Here Brandes is again partially correct. Today, the so-called “thinking group of Germany” is actually no more inclined toward the ideal of equality than it is toward a belief in the majority. That this is a fact is well substantiated by Brandes. His explanation, however, is wrong. In fact according to him it would seem as if the striving for equality were irreconcilable with the development of the individual and that the “thinking group of Germany” repudiates this ideal for that reason. But such is not the case. Who would dare to assert that on the eve of the great revolution the “thinking group” of France had less regard for the “individual” than the same group in modern Germany? Yet the “thinking” Frenchmen of that period were infinitely more sympathetic to the idea of equality than modern Germans. The “majority” frightened those Frenchmen far less than they frighten modern “thinking” Germans. No one will deny that the old Abbe Sieyes and his fellow ideologists belonged to the “thinking group” of France at that time, but nevertheless Sieyes’ chief argument in favor of the third estate was based on the fact that its interests were the interests of the majority, and conflicted with the interests of merely a small group of privileged individuals. Consequently it is not a question of the attributes of the ideal of equality or the belief in the majority; it is a question of the historical conditions under which the “thinking group” of France of the eighteenth century had the same point of view as the more or less revolutionary bourgeoisie, who, in their opposition to the spiritual and the real aristocracy, felt solidarity with the tremendous masses of the population, that is, with the “majority.” The modern “thinking group of Germany,” however – and not only of Germany but of all countries where the capitalist system of production has become entrenched – has in most cases adopted the standpoint of the bourgeoisie, who have come to realize that their class interests are more closely related to those of the aristocracy (who, in their turn, are now filled with the spirit of the bourgeoisie) than to those of the proletariat, which, in all advanced capitalist countries, constitutes the majority of the population. That is why “belief in majority rule” has unpleasant connotations; that is why it seems to them to be irreconcilable with the conception of the “individual;” that is why they incline more and more to “minority” rule. The revolutionary bourgeoisie of eighteenth century France applauded a Rousseau whom they did not fully comprehend at the time. The modern bourgeoisie of Germany extol a Nietzsche in whom they sense, with true class instinct, the poet and ideologist of class rule.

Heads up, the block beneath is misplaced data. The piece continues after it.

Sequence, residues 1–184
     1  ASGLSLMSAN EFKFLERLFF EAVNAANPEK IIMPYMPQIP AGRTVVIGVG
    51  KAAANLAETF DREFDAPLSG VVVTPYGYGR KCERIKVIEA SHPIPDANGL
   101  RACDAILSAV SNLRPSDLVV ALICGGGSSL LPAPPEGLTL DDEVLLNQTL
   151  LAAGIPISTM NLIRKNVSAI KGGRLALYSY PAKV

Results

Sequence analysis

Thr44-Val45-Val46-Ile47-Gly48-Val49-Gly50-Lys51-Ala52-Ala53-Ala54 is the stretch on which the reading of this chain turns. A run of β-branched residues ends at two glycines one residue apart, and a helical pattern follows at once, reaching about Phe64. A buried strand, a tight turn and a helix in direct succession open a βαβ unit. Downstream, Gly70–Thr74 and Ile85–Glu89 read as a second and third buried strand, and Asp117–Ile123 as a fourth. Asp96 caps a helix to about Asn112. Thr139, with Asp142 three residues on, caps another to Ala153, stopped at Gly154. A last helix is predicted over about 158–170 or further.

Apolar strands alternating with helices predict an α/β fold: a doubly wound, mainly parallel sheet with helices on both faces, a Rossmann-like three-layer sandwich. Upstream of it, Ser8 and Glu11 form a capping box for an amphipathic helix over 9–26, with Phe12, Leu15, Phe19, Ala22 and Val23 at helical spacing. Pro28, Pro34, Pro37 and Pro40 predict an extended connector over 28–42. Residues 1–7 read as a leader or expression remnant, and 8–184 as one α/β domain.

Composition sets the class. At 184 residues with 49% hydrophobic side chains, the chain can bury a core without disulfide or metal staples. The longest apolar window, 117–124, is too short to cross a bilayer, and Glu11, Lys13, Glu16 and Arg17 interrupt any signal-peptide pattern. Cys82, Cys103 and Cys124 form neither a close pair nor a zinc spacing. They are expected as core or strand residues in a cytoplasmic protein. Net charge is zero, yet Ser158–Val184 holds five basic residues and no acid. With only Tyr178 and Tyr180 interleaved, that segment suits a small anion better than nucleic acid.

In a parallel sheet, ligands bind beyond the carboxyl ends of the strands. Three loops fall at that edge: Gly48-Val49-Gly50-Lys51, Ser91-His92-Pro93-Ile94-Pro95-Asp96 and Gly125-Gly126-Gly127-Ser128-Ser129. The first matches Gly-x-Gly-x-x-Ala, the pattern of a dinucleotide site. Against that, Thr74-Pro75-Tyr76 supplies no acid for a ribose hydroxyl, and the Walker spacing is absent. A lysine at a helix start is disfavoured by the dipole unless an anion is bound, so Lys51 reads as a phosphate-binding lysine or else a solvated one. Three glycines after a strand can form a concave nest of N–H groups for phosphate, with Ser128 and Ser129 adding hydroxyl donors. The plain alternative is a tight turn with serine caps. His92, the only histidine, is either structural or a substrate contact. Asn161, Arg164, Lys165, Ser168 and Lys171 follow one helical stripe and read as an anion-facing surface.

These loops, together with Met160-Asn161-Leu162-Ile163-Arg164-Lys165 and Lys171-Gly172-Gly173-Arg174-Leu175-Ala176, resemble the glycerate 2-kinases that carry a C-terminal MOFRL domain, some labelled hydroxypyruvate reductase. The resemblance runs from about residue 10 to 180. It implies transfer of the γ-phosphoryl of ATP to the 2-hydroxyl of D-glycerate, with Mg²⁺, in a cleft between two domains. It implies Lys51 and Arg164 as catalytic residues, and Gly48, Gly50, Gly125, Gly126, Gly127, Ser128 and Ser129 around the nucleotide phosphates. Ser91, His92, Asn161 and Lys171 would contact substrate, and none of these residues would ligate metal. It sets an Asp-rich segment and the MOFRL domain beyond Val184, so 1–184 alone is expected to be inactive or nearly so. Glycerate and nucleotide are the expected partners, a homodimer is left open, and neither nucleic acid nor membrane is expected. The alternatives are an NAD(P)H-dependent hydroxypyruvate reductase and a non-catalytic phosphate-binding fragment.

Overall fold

However that may be, there is no doubt that Ibsen’s individualism accords with the “belief in minority rule” which is peculiar to the “thinking group” of the bourgeoisie of the modern capitalist world. In a letter to Brandes dated September 24, 1871, Ibsen writes: “What I chiefly desire for you is a genuine, full-blooded egoism, which shall force you for a time to regard what concerns you yourself as the only thing of any consequence, and everything else as non-existent.” The state of mind which is expressed in these words not only does not conflict with the state of mind of the “thinking” bourgeois of today, but it accords with it perfectly. Likewise the state of mind expressed in the following lines of the same letter also accords with it. “I have never really had any very firm belief in solidarity; in fact, I have only accepted it as a kind of traditional dogma. If one had the courage to throw it overboard altogether, it is possible that one would be rid of the ballast which weighs down one’s personality most heavily.” And finally, every “thinking” class-conscious bourgeois will be unable to criticize, except very favorably, the man who wrote the following words: “I do not believe that things are better in other countries than in our own; the masses, both at home and abroad, are without all understanding of higher things.” More than ten years later Ibsen wrote in a letter to Brandes: “It will never, in any case, be possible for me to join a party that has the majority on its side. Bjornson says: ‘The majority is always right.’ ... I, on the contrary, must of necessity say: ‘The minority is always right.’” These words, too, can have the approval only of the “individualistic” minded ideologists of the modern bourgeoisie. And since the state of mind which is expressed in these words underlies all of Ibsen’s dramatic works, it is not surprising that his works attracted the attention of all ideologists of this type and that they proved to be very “receptive” to it.